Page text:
PALYMYRA TOWNSHIP -- Some high school students are learning how to design and create toys with 3-D technology, all while embodying the spirit of Christmas.
Mr. Heckman's Technology and Engineering classes at Wallenpaupack Area High School have spent that past few weeks creating children's toys from scratch.
With the help of modern technology, something called a 3-D printer, their toys are ready to be wrapped for Christmas day and given to some deserving kids.
From the outside, Wallenpaupack Area High School somewhat resembles the North Pole.
Inside, classroom 251 is as busy as Santa's workshop with students putting the finishing touches on toys.
Once the toys are in their boxes, these students will have been there through each step of the toy-making process.
"We learned how to sketch it out first, sketch on paper, then put it into the computer," said 9th grader Tanner Badoud.
The students sent the design through the computer concept to the real thing.
"We put it in Autocad and Inventor, made everything 3-D, extruded everything, made all the holes then we put it on Makerbot and it made it," said 9th grader Austin Rozsitch.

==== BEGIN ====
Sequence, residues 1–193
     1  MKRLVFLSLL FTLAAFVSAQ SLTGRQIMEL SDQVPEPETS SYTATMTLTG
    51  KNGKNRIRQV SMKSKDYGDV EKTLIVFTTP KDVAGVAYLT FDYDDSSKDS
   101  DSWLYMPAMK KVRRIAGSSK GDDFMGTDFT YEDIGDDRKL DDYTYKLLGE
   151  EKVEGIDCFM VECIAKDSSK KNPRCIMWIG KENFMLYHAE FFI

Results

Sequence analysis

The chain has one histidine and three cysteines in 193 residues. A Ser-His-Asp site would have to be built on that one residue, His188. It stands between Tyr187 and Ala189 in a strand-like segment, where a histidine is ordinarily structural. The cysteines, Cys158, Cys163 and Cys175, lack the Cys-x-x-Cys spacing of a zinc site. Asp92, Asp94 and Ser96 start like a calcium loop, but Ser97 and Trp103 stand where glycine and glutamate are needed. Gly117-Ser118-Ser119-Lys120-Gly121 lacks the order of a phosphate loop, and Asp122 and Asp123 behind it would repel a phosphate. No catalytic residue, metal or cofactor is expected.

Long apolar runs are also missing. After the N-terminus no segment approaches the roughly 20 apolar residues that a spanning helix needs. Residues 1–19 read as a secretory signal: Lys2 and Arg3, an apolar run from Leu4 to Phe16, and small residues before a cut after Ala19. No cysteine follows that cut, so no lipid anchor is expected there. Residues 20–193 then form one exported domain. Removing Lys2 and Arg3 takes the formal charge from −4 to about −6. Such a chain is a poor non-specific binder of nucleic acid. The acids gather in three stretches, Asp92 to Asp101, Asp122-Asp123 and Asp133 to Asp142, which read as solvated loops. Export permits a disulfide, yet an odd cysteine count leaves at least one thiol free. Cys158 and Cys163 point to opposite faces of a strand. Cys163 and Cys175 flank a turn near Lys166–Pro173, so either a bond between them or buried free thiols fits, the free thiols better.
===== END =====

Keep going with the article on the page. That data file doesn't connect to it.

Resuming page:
In layman's terms, the toys came from a 3-D printer, a state-of-the-art machine that can create objects from plastic and other materials.
Engineering teacher Dave Heckman said the technology has come down in price and materials are rather inexpensive.
"Start to finish really neat, with a little imagination and a little creativity and some support kids can do anything," said Heckman.
It was a couple of weeks of design work, then students at WAHS put their designs into Makerbot, which created 15 toys that will now to go children who might otherwise not have had toys this Christmas.
"They're going to kids who don't have toys and will be able to open them up on Christmas morning," said Rozsitch.
15 toys, including Gus the Gorilla and Hexabot will go to a boy or girl this Christmas, the high-school-aged toy makers get a lesson in engineering and in giving to others this holiday season.
"Doing good things can take a lot of work but in the end it's worth it," said Badoud.
Makerbot is the 3-D printer used in that Wallenpaupack Area High School classroom.
It costs about $3,000 not much more than a new table-saw, said Mr. Heckman.